❏ FOOTNOTE Tell the Guardian how good or otherwise you thought their seven-day survey A History of Modern Music — in the course of which there isn’t one, NOT ONE direct reference to J-a-a-a-a-ames Brown, the father of funk.

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1981–2011 ➤ Atlantis heads home — now space travel is down to Jeff Bezos and the marketplace

❚ THE US SHUTTLE ATLANTIS today undocked from the International Space Station and is heading home to Earth for the last time. This, the 37th shuttle mission to the ISS over 13 years, brings to a close Nasa’s 30-year reusable spaceplane programme.

➢ View Atlantis commander Chris Ferguson’s farewell
to the ISS — BBC News

US space shuttle, Atlantis ,International Space Station

US space shuttle Atlantis: last view from the International Space Station (Nasa)

➢ Reuters reports: An American flag that flew aboard Columbia on the first US shuttle mission in 1981 will remain affixed to the International Space Station’s air lock until the air lock swings open to admit astronauts in future years who ride to the station aboard a capsule built by US commercial companies. NASA is supporting efforts by four firms — Boeing, Space Exploration Technologies, Sierra Nevada Corp. and Blue Origin, a space travel start-up backed by Amazon founder Jeff Bezos — with technology development contracts worth $269m. NASA hopes the new vehicles will be ready to fly in about 2015.

The space shuttle Atlantis is the bookend of 134 previous shuttle missions that have deployed satellites and observatories, including the Hubble Space Telescope. The shuttle’s crowning accomplishment, NASA says, was carrying to orbit and constructing the space station — a $100 billion project of 16 countries.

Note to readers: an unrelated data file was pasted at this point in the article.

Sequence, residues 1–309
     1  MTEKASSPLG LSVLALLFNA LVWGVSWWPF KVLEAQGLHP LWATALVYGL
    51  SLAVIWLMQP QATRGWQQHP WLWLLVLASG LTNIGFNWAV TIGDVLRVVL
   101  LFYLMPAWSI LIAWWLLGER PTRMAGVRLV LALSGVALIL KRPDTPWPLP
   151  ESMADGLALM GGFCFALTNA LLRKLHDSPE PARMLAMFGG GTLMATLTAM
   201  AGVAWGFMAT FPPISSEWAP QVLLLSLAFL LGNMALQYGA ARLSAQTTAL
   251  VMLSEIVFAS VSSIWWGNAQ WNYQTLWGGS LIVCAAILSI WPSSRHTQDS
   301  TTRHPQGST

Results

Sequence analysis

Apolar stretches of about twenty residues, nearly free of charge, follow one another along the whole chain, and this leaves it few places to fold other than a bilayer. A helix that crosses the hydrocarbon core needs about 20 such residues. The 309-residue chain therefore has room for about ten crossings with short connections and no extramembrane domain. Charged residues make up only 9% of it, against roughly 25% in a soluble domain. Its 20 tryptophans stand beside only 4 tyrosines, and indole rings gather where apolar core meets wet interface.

➢ 30-year history of Nasa’s space shuttle

➢ British astronaut Piers Sellers recalls that unique smell of space

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2011 ➤ Telling the Truth: a TV doc with a message for the times we live in

Robert Redford ,Dustin Hoffman ,All the President’s Men

“Woodstein” the investigating double act: Robert Redford cast as Bob Woodward and Dustin Hoffman as Carl Bernstein in the colour-coded Washington Post newsroom built in Hollywood for the 1976 movie All the President’s Men

All the President’s Men, Jason Robards, Ben Bradlee

Fingertap. Clap hands. — Jason Robards as Ben Bradlee expressing his elation in All the President’s Men, after finally approving Woodward and Bernstein’s story of the century: “Run that baby!” [Exactly the same gesture that Charles Wintour would give at the London Evening Standard when elated]

◼ ALL THE PRESIDENT’S MEN should be compulsive viewing for everybody in public life in the UK right now. This, Robert Redford’s greatest achievement as producer, is also the greatest movie about how good journalism works. It examined the greatest crime in the history of American politics: the Watergate conspiracy that disgraced the White House in 1973. The scandal gave to our language the all-purpose suffix “-gate” for any corrupt activity in public life.